The Sarbanes-Oxley Act of 2002 extends the statute of limitations for federal securities fraud to the earlier of two years after the discovery of the facts constituting the violation or five years after such violation. Although the legislation clearly provides that it “shall apply to all proceedings addressed by this section that are commenced on or after the date of enactment of this Act [July 30, 2002],” left unresolved is whether Congress intended to revive claims that had already expired under the earlier one year/three years statute of limitations. District courts are split (although the trend appears to be against reviving time-barred claims) and the issue is currently before the U.S. Court of Appeals for the 11th Circuit.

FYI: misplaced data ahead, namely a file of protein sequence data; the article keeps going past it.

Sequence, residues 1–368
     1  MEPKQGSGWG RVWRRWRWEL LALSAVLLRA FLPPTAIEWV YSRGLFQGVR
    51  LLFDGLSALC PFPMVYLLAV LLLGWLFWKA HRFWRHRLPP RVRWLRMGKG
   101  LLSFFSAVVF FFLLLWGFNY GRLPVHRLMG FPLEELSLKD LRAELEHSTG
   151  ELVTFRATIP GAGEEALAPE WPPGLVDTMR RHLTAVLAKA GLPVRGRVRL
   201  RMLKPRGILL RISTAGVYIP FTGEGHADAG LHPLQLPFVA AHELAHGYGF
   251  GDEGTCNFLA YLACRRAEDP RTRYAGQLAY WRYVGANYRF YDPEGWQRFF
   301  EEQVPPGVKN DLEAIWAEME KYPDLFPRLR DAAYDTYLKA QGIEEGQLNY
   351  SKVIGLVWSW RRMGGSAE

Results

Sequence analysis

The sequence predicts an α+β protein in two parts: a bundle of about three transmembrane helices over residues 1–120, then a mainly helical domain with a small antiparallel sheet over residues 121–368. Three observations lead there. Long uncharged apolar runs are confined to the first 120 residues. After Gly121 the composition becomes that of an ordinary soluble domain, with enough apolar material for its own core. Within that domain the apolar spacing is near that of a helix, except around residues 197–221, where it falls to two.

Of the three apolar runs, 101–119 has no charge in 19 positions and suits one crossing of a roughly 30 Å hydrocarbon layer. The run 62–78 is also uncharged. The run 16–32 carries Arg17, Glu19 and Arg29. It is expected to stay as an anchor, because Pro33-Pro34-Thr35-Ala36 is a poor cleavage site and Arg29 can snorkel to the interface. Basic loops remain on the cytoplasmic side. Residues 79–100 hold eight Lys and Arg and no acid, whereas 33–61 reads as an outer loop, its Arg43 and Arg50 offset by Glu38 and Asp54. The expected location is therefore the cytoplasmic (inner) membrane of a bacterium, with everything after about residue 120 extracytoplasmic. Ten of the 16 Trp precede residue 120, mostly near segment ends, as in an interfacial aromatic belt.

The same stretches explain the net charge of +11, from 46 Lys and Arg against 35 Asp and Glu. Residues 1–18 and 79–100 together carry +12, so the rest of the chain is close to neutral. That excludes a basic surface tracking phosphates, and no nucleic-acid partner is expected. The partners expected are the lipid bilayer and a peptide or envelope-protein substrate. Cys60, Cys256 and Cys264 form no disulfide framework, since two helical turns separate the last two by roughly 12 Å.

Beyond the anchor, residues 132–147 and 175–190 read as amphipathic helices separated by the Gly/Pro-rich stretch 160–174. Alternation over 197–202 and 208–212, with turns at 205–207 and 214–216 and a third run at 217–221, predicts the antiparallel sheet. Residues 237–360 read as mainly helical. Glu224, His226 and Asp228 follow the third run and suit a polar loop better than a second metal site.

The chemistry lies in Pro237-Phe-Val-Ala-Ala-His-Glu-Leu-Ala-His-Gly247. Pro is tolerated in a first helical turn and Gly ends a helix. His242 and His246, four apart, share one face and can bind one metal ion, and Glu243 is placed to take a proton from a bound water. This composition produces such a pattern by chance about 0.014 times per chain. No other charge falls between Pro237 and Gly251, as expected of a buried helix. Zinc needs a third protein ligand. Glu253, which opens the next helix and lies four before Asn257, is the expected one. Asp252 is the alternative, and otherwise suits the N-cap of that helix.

In the midst of this debate, the Wall Street Journal reports (subscrip. req’d) that the SEC has filed an amicus brief in the U.S. Court of Appeals for the Second Circuit arguing that Sarbanes-Oxley did revive time-barred claims. The SEC’s primary argument is that Congress was not required to specifically express its “retroactive intent” and the “natural meaning of the statutory language” supports its position. The underlying case, AIG Asian Infrastructure Fund, L.P. v. Chase Manhattan Asia Limited, et al., alleges Rule 10b-5 violations based on a 1998 purchase of securities.
Addition: In related news, the Legal Intelligencer has an article (via law.com – free regist. req’d) today on a district court decision (from the E.D. of Pa.) that rejects the revival of time-barred claims.